Creating 'The Legend of Zelda: Breath of the Wild'

When The Legend of Zelda: Breath of the Wild first made its official debut on the Nintendo Switch, [...]

When The Legend of Zelda: Breath of the Wild first made its official debut on the Nintendo Switch, fans everywhere hailed it for its incredibly narrative, fluid combat, and thrilling open world. The folks at Nintendo continued to celebrate the game's success long after its initial release and because of that, we want to take a moment to celebrate the team themselves and what it took to develop the award-winning adventure. That's where this awesome 60 second lore video from one of my favourite YouTube channel comes into play.

The YouTube channel in question is called Lore in a Minute and I've covered them quite a bit in the past. I love this team and their comedic edge to popular game franchises. They are both educational and entertaining, and only 60 seconds long making it even easier to enjoy.

Not in a place to enjoy a full-fledged animated video? Not to worry, the team always provides a written transcript to making following along even easier:

"Trimming the grass, tennis with Ganon, tumbling all over the place, in 2011 the once mighty Legend of Zelda suddenly sounded like the old folks home of gaming. Skyward Sword was quickly overshadowed by its competitor, Skyrim, and Hyrule needed a makeover.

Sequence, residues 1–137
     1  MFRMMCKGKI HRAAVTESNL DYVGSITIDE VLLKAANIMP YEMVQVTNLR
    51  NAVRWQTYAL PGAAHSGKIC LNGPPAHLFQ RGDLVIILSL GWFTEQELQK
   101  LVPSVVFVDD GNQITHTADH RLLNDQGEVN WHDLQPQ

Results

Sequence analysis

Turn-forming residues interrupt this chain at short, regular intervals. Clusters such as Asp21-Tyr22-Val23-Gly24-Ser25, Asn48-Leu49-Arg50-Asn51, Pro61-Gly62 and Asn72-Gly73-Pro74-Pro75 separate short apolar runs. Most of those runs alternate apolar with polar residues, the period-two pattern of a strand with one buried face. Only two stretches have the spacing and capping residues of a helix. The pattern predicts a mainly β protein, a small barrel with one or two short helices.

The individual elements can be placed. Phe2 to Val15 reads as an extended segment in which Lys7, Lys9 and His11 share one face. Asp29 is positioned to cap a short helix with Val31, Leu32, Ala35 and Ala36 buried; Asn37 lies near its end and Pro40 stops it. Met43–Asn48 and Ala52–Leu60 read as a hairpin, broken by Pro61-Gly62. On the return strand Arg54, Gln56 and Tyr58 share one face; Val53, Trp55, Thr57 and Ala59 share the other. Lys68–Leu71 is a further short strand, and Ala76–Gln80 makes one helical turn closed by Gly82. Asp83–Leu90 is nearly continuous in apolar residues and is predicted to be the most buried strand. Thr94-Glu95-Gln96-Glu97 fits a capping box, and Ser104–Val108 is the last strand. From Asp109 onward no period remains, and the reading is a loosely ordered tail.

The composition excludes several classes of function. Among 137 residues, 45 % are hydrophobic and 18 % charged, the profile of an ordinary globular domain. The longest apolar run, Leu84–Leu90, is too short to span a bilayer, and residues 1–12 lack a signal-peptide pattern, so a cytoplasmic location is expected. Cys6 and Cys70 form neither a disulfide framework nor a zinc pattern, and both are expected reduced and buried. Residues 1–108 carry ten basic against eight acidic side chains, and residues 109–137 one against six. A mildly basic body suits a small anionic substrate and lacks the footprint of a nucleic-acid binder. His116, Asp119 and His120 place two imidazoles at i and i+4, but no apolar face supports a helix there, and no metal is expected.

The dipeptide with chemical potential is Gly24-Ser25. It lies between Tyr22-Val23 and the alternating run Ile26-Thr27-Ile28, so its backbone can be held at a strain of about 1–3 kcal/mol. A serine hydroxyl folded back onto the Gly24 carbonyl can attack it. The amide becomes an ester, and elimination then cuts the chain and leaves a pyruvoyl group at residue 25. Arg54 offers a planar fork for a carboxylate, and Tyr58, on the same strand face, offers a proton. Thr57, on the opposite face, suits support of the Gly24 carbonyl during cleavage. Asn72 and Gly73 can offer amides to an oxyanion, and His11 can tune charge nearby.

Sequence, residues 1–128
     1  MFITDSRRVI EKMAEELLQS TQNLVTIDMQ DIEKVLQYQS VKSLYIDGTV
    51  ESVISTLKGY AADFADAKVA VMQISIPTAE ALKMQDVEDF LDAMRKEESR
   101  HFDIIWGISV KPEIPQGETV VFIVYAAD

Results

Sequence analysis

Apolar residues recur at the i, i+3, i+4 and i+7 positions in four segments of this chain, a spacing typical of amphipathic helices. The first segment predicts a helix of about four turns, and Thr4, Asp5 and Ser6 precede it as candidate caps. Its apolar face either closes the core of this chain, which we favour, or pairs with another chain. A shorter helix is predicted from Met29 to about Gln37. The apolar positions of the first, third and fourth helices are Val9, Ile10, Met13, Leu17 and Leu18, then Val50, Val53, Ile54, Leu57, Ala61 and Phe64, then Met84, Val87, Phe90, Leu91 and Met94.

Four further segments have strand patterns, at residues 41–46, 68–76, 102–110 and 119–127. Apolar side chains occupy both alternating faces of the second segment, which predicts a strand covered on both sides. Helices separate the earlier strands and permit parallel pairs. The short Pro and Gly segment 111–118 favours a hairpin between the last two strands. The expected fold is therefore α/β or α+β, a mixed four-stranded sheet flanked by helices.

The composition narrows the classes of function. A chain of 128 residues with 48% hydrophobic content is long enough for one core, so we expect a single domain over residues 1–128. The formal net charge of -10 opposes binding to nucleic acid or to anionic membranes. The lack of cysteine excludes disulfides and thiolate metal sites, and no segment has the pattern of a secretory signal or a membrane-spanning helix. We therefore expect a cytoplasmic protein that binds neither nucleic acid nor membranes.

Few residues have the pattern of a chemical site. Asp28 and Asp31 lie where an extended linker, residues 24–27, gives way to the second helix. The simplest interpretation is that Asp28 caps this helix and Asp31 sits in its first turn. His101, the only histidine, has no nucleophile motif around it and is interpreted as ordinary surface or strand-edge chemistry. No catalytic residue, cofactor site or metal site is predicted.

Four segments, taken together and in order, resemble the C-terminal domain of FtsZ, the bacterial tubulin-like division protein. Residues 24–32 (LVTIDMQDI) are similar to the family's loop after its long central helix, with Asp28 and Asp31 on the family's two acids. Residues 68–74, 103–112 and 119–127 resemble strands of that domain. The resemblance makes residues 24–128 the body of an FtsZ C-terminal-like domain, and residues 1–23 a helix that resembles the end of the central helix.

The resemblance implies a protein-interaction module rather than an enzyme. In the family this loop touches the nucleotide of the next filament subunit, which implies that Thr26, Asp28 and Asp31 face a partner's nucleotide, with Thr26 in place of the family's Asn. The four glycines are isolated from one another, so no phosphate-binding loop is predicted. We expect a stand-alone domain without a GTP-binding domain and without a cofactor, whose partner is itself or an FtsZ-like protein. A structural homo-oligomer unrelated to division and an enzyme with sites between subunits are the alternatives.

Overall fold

Producer Eiji Aonuma tasked his team to rediscover Zelda's essence. They remastered classic Zelda titles for WiiU, noting their strengths, and tested their new game engine as an 8-bit prototype, proving it could change Zelda's future while remaining true to its past. But the real test was Miyamoto. The team developed a demo highlighting new mechanics and when the legendary developer spent an hour climbing trees, they knew they had a hit."

"But Aonuma wanted more. Hyrule Warriors and Link Between Worlds introduced voiced cutscenes and non-linear gameplay. Designers were encouraged to get weird, drawing Biker Link and Link in a tracksuit. And Xenoblade developer, Monolith Soft, developed a Kyoto-inspired open-world to bring Zelda into the modern age.

Unfortunately, the modern age can be tricky. That fancy new physics engine meant changes on one section of the map caused chaos elsewhere. Weak Wii U sales then prompted Nintendo to push this new Zelda as the launch title for their next console, which proved to be a blessing in disguise. After extended QA testing, Link galloped, soared and climbed his way back to the top in 2017's Breath of the Wild."

The Legend of Zelda: Breath of the Wild is now available on Nintendo Switch and the Wii U.